Advertisers thought a few years ago that the more the fear was important; the more the desire to fight this fear was important, which led them to the conclusion that the effectiveness of the advertising message was proportional to the level of fear aroused. But some researchers have found that strong fear appeals tend to be less effective than moderate messages. Apparently, the relation between the fear and the effectiveness of the advertisement resembles an inverted U-shaped curve. If the level of fear is too important, it can provoke in the consumer mind a defence mechanism. This process can lead to avoid the advertising message, to deny the threat, to choose or distort the message, to consider the proposed solution without the danger of reaching the consistency between their beliefs. Consumer's attitude toward an ad are important to advertisers because people who dislike an ad are likely to resist its effort to increase the favorability of their attitudes toward the product itself. If the consumer thinks a specific advertising practice is unethical or immoral, a number of unwanted outcomes can appeared in the consumer's mind, ranging from consumer indifference toward the advertising product to more serious actions such as boycotts or demands for government regulation. A famous example of this behaviour was the response of consumers after Reebok broadcasted an advertisement on Bungee-jumping, in which a bungee jumper plunged into his death because he wore Nike athletic shoes instead of Reebok Pumps. Reebok attempts to suggest the superiority of the Pump athletic shoes using a joke about violent death. This ad stayed only a few times before being pulled by Reebok because of the number of consumer complaints. Therefore, advertisers should be aware and concerned about the ethical aspect of advertisements. It is necessary to take into account ethical consequences because a particular ad may deter long term objectives and create various and involuntary negative reactions to the ad and the brand.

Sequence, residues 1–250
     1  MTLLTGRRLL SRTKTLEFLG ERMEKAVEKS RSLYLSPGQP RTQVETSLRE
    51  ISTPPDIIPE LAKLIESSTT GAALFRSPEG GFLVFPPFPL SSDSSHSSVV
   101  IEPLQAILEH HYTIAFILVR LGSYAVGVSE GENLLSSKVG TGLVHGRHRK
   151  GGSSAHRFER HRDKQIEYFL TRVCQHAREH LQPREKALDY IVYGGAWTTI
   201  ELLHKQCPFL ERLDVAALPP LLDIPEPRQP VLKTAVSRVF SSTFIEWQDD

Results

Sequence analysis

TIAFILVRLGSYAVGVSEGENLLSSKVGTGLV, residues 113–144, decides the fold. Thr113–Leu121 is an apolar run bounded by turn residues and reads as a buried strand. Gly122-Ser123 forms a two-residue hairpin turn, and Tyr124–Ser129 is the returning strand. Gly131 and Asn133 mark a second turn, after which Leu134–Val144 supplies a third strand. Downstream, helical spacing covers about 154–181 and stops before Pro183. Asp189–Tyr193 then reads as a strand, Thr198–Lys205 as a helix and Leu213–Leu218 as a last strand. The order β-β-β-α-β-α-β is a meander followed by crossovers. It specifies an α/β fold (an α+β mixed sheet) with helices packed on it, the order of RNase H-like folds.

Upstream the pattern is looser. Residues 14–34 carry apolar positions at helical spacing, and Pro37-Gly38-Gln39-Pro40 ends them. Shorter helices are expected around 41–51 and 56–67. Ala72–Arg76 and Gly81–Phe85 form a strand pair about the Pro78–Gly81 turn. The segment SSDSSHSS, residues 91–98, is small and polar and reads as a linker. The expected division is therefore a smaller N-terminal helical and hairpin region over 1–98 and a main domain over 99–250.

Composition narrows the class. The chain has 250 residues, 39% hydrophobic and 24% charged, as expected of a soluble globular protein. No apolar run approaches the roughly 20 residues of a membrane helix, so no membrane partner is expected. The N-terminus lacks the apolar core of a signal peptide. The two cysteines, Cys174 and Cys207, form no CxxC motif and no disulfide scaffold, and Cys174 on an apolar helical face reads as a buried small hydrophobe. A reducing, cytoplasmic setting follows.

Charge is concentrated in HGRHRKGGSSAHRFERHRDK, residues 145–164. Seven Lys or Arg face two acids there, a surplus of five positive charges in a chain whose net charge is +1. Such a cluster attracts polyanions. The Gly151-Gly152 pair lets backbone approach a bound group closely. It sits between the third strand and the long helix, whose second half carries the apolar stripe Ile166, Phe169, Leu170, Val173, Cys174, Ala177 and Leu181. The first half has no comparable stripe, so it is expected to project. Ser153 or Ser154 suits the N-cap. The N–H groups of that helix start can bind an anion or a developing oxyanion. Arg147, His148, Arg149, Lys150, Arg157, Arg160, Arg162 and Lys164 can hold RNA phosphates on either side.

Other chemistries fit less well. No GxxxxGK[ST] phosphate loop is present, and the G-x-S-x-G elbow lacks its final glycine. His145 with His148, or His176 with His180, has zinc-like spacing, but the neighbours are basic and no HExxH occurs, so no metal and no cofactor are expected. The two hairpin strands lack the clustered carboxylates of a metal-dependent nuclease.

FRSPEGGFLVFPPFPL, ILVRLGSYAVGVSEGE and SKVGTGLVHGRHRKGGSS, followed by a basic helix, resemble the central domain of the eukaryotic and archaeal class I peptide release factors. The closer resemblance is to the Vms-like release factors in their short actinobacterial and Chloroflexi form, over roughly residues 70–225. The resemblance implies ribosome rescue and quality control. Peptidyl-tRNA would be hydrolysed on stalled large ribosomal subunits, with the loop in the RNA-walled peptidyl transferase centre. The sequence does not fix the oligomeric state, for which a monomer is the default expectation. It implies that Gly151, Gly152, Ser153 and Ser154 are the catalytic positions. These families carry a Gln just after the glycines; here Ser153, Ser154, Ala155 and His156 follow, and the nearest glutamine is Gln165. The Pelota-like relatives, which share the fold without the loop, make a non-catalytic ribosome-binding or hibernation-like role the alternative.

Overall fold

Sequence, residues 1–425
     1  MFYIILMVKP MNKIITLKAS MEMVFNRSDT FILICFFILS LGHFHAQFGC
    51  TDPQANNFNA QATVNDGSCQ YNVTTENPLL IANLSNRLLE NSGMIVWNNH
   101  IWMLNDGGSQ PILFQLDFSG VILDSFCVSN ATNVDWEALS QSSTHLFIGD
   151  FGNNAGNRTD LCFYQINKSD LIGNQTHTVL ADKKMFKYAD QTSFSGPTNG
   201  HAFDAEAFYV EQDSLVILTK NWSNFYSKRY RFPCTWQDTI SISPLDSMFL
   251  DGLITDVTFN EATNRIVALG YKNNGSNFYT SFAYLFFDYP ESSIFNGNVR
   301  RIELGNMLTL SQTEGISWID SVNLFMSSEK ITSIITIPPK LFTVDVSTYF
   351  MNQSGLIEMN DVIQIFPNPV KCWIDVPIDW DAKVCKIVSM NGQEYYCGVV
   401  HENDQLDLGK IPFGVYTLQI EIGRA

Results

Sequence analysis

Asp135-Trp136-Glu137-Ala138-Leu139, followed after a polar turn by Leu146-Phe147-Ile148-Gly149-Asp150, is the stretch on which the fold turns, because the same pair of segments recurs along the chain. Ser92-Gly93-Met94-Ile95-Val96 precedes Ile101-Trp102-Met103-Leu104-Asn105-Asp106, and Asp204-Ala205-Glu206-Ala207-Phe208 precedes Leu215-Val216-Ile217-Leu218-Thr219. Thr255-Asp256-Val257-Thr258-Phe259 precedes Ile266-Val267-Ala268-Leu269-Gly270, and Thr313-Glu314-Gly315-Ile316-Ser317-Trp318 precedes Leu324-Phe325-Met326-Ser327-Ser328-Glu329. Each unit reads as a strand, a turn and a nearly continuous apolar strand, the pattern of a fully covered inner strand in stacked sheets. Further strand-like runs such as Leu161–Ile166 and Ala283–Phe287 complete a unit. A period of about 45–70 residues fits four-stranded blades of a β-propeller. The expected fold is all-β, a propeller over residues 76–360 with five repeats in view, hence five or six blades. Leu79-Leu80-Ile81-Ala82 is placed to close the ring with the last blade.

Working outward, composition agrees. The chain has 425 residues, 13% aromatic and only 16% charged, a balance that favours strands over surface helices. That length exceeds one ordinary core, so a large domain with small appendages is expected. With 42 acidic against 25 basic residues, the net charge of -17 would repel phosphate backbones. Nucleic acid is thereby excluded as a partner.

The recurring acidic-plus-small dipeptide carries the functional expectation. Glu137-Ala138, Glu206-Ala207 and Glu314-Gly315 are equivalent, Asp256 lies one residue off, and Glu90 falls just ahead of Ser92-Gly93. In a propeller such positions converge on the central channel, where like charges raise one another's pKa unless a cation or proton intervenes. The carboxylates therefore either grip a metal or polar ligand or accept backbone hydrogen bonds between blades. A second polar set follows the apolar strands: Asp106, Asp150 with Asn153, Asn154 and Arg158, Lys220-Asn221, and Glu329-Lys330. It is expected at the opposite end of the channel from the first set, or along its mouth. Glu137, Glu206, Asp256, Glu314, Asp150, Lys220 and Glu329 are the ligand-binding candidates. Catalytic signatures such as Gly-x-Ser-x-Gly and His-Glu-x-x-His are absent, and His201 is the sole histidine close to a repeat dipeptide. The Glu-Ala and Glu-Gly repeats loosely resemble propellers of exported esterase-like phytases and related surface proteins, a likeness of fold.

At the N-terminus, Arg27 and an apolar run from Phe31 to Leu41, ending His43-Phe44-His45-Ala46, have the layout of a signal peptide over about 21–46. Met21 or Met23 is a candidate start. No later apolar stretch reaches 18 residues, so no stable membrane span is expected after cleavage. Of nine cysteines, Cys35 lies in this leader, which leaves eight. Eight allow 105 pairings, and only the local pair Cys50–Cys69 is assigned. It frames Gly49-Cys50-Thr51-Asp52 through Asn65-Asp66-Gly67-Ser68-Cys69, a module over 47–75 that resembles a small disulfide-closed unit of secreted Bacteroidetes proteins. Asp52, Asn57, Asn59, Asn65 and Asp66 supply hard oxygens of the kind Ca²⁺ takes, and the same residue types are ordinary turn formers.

On the other hand, strong fear appeals concerning high relevant topic cause the individual to also experience cognitive dissonance, which is resolved either by rejecting the practice or by rejecting the unwelcome information. Advertisers employ graphic and